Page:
him by not giving him the help and the relief he needed and which they had been sent there
expressly to give.

Their passing by on the

other side was a cruel


sin

wrong against him

of leaving a duty undone.

In our Lord's description of the Judgment,


those on the left
evil

hand are condemned not for

things which they had done, but for their

neglect of love's duties. "I was an hungered, and ye gave me no meat I was thirsty, and ye gave me no drink: I was a stranger, and ye
:

took
sick,

me not
and

in

naked, and ye clothed

in prison,

and ye

visited

me not me not."

They had not oppressed


wounding
of their
others.

the poor, they had

not robbed men, they had not gone about

Nothing whatever

is

said

sins,

saving that they had not done the

deeds of love to those


tries.

who needed such

minis-

They had
in this

left

undone things w^hich

they ought to have done.


It
is

way

that

many

people

fail

most

seriously in living.

No grave [121]

fault can be

d)e
do.
ness,

JLesfjson of

lobe

found with their conduct, with the things they

They

are upright, true, dihgent in busilives are full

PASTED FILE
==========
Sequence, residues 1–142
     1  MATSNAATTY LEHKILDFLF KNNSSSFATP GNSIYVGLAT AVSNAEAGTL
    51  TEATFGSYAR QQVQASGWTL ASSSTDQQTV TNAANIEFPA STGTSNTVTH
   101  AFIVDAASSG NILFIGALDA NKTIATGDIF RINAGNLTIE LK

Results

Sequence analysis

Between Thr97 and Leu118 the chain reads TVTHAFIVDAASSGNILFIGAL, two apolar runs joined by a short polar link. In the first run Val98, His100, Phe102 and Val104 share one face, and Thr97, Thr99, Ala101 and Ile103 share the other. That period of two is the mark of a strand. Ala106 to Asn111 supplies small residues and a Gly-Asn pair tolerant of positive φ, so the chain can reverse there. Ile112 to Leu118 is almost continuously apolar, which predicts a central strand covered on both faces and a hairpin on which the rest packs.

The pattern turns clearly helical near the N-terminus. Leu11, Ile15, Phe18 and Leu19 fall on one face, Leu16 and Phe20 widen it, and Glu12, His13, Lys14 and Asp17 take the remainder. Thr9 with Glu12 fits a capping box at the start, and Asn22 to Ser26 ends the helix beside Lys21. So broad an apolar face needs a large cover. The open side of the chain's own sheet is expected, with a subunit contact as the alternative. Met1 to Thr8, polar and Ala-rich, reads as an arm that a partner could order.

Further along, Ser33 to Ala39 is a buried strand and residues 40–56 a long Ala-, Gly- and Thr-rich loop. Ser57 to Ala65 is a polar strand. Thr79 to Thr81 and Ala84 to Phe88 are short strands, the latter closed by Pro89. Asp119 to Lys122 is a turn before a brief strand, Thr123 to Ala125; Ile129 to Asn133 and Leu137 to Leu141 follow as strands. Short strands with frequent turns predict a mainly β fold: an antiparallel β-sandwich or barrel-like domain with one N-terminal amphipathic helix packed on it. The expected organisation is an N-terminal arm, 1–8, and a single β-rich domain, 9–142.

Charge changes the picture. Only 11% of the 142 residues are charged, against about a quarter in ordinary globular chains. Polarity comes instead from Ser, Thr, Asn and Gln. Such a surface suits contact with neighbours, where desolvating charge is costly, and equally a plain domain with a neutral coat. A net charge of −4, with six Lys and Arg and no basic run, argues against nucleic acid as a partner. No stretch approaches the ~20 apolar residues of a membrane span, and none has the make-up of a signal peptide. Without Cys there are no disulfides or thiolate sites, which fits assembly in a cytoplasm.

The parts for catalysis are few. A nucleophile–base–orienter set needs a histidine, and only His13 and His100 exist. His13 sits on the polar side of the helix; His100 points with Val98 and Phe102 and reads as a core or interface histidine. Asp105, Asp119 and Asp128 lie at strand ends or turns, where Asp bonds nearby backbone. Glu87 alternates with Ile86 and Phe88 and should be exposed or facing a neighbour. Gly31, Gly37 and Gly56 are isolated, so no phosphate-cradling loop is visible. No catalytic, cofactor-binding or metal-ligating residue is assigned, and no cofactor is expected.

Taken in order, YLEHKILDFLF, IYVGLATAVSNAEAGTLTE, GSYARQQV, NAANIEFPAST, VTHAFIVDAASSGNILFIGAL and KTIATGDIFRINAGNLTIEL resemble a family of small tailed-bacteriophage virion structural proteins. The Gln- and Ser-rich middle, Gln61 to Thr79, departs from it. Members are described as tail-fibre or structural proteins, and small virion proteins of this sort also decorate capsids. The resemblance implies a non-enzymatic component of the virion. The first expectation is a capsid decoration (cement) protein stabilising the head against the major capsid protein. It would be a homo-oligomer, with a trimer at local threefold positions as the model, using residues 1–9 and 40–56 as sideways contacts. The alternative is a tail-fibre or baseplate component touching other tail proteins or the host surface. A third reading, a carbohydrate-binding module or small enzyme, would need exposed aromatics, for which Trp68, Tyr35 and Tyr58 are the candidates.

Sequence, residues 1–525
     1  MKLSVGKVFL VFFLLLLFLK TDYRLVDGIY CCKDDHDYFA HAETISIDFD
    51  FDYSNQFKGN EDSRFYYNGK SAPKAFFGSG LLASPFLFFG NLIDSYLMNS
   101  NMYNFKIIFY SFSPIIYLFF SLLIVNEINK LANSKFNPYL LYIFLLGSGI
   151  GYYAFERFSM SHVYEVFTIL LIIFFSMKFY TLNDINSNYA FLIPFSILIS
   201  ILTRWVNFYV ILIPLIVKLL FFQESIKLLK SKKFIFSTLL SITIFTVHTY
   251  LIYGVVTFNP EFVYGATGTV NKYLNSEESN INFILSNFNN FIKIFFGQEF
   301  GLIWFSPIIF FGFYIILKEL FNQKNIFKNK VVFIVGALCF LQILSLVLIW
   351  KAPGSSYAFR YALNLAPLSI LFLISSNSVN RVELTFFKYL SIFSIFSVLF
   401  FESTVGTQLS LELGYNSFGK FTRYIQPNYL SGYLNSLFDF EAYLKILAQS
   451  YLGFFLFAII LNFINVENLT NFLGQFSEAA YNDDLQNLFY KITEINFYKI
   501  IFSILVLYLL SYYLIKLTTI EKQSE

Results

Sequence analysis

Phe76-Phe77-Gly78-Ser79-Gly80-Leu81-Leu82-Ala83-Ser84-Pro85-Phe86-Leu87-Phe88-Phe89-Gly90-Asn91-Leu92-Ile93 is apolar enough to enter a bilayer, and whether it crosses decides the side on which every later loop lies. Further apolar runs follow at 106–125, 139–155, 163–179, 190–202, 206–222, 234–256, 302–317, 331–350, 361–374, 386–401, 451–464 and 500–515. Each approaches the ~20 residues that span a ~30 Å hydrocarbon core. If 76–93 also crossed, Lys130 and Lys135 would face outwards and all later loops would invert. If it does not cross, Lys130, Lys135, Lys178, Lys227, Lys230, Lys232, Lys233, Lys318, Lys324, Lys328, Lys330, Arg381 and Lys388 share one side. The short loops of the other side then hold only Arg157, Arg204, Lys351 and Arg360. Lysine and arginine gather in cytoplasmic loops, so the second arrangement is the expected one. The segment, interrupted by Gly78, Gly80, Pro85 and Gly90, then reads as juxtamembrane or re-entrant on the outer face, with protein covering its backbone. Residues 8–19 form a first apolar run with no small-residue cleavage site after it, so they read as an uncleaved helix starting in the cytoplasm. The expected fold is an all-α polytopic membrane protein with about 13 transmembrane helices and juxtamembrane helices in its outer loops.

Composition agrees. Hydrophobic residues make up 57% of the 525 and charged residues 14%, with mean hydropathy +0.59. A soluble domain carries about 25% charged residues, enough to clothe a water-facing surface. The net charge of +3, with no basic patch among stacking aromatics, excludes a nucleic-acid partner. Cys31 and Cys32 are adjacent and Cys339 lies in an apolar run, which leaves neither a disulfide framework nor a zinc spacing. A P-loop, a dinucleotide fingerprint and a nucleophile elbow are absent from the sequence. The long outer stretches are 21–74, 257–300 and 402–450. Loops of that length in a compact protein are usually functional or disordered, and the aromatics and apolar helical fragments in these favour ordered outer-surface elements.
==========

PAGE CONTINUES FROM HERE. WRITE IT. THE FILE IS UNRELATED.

but their

of omissions and
you.'^

neglects.

How
see

was

it

yesterday with

Did you
lief,

one who needed help, comfort, re-

or encouragement, and did

you

fail to

do

anything for him?


"Lord, forgive
omission"?

Do

not

many

of us need

to pray with the saintly

man who

used to say,

my

sins, especially

my

sins of

Many

of the best of us leave

many

things unfinished.

touched which we

ought
Life

to

have

Most men
left

die with

many
that

tasks only
is

begun and

uncompleted.
all

too large for us;


is

we cannot do
tained even our
to have done.

it

our duty to do.

After we have done our best we have not at-

own standard of what we ought None of us do any day all the


it.

things we meant to do, and none of us ever do

anything as well as we intended to do


^^

I wonder if emr a song was sung


But But
the singer's heart

sang sweeter!
meter!

I wonder if

ever a

rhyme was rung

the thought surpassed the


[

122]

Leaifng '\)mq,& ajntione


"

/ wonder
Or

if eoer a sculj^tor

wrought

ardent thought with light and shade The dream of his inmost heart portrayed !
Till the cold stone echoed his

if ever a painter

* *

/ iDonder

if ever

And

there

a rose was found might not be a fairer !

Or if ever a glittering gem was ground And we dreamed not of a rarer !


**

Ah, never on earth do we find the best, But it umits for us in the land of rest And a perfect thing we shall never behold Till we pass the portals of shining gold.''

Indeed no one ever ought to do everything


that he might do.

There

is

a duty of omitting.

Some people
dred broad

scatter their energies over a hun-

fields

of activity when

it

were far

better if they
little

would

confine themselves to one